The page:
TOTTM, Inc. is in business.
On August 20, 2018, the Secretary of State for the State of Texas issued a certificate of formation for TOTTM, Inc., and in turn, the Internal Revenue Service (IRS) issued an Employer Identification Number for the same. In short, 'The Origin of Things That Matter'®, incorporated as TOTTM, Inc., is no longer a vision for a mission but rather a mission in and of itself. Administratively, the only thing that remains is to apply for 501(c)(3) tax exemption status with the IRS an, thereafter, with the State of Texas.
I, Joel Jennings Warne, founder and president of the board of directors for TOTTM, Inc., originally envisioned writing a book about my own experiences as a whistleblower, detailing the then and thereafter. Initially, the book was to be entitled "Second Sun"; however, after months of pouring over ideas, I ultimately settled on 'The Origin of Things That Matter.' While a book is still in the works, when I went to stake my claim on the title and decided that a book can speak 200,000 words on four hundred static pages—but ultimately, a book is just that, static.
TOTTM, Inc., a living, dynamic organization, could accomplish so much more.
After graduating with my first bachelor's degree in political science from Georgia State University during May 2007 and spending nine months as an AmeriCorps VISTA (Volunteers in Service to America) doing hurricane relief work in Port Arthur, TX, life would lead me to work for the U.S. Department of State as a citizenship adjudicator for the Bureau of Consular Affairs. It was not the position I wanted—but it was the position the Department of State uses as a stepping stone for promising, prospective employees who lack master's degrees in niche regional politics and economics. And all indicators pointed to a blooming career for me.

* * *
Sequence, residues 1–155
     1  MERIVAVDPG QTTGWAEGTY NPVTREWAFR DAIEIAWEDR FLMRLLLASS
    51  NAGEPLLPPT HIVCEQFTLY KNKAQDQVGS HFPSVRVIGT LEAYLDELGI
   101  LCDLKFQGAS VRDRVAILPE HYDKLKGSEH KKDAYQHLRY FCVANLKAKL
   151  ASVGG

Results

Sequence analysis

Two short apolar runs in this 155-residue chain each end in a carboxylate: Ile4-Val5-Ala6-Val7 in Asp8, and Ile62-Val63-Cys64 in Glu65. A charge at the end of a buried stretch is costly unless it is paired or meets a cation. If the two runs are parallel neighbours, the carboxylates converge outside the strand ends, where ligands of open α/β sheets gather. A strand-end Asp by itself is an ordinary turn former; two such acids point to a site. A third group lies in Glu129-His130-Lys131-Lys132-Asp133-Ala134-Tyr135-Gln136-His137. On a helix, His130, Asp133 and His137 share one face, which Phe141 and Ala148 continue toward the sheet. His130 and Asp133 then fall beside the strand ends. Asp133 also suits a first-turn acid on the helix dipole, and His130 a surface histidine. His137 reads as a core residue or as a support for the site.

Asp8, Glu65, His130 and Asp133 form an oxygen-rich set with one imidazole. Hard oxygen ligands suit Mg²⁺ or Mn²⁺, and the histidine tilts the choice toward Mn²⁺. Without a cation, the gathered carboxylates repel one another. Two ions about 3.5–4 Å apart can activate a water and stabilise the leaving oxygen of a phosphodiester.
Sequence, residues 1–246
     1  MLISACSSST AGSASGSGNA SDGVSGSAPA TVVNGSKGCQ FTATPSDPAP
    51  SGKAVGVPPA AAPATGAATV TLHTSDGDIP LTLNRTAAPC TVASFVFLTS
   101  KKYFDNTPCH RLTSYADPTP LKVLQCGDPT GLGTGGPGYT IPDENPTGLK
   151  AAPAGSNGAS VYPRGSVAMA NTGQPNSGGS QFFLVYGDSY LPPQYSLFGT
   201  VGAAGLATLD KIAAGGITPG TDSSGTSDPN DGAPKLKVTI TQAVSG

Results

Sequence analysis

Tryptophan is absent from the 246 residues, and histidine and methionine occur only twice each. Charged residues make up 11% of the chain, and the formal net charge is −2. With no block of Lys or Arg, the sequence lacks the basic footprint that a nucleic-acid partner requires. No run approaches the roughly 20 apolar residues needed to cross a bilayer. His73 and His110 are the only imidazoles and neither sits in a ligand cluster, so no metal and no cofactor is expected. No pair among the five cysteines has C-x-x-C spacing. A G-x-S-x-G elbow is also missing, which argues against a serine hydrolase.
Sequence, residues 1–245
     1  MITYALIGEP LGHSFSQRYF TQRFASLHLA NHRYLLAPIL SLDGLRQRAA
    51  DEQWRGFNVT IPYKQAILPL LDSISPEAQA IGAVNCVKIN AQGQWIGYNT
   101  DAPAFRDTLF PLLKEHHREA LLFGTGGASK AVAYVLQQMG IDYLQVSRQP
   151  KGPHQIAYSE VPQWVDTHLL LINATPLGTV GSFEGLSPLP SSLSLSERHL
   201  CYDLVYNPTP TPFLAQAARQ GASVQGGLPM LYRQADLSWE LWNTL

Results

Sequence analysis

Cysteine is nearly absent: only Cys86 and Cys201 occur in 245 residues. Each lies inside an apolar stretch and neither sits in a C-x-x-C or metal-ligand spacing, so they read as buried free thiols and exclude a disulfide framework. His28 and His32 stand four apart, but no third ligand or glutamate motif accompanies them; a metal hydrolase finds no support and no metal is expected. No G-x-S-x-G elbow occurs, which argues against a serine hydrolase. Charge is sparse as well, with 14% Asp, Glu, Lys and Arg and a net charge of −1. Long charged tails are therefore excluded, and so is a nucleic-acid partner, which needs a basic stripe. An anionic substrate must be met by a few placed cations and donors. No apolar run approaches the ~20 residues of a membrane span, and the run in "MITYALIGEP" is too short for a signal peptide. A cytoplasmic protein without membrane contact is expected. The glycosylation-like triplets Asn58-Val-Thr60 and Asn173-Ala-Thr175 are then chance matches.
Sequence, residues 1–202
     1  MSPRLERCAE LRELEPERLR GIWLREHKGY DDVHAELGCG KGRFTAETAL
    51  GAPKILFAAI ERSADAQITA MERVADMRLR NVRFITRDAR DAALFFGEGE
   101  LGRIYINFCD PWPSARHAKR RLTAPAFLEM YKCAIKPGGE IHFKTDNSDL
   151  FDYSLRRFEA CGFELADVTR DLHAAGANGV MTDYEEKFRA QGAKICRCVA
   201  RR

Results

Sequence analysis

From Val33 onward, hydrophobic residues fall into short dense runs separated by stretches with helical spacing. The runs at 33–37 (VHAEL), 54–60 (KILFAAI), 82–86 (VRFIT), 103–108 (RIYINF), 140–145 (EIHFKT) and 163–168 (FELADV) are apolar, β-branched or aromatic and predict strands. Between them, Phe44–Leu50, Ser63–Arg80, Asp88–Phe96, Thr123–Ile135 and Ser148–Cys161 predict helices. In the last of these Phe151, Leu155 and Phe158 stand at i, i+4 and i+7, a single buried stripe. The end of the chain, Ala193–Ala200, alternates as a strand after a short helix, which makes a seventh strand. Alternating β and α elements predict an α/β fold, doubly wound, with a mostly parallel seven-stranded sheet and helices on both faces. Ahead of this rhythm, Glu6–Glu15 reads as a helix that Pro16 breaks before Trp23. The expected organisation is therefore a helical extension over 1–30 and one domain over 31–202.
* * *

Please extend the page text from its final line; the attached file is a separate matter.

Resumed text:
Toward what the Department of State would ensure was the end of my career, I blew the whistle twice: once, a relatively innocuous disclosure regarding an abuse of authority by charging members of the public fees that were unnecessary (affirmed by the U.S. Office of Special Counsel); and the second, a more damaging allegation that the Clinton Secretariat was unlawfully violating its settlement in the matter of Castelano v. Clinton, originally docketed as Castelano v. Rice, by discriminating against Mexican-born U.S. citizens for passport-issuance purposes. The causal effect of the former was a clear notice that I was the Department of State's 'circle of trust,' so to speak; the causal effect of the latter was war.
I was harassed both inside and outside of work; I was attacked in a U.S. Special Counsel's Office-sanctioned meeting with the Department of State's attorneys, and even told that I lacked a right to union representation or an attorney; Undersecretary for Management Patrick Kennedy, with whom I had bargained on several occasions as a labor representative for the National Federation of Federal Employees, Local 1998, knowingly and willfully provided false or misleading data to the U.S. Office of Special Counsel; and I was terminated in July 2013, only then to be threatened by the Department's attorneys that if I did not drop all allegations they would ensure "[my] car would be repossessed, [my] home would be foreclosed on, and [I] would never work again."
Prior to terminating me, the Department sought an "independent medical examination," citing my seizure disorder as a potentially disqualifying medical condition. I agreed until the day before the examination when I looked up the medical license of their selected physician: Dr. Rinly Gecosala of Tucson, AZ. Gecosala would sell a medical recommendation to the highest bidder and surrendered his license to the Arizona Medical Board just three years later.
I did not give up, represented myself before both the U.S. Merit System Protections Board (MSPB) and Equality Opportunity Commission (EEOC), and when the MSPB judge threw out their 40,000-page discovery disclosure and EEOC judge told the Department they had no case, the issue of my employment was resolved. The terms of the resolution are subject to a non-disclosure agreement, but what I can say is that, rather than being removed from my position, I am now retired from it.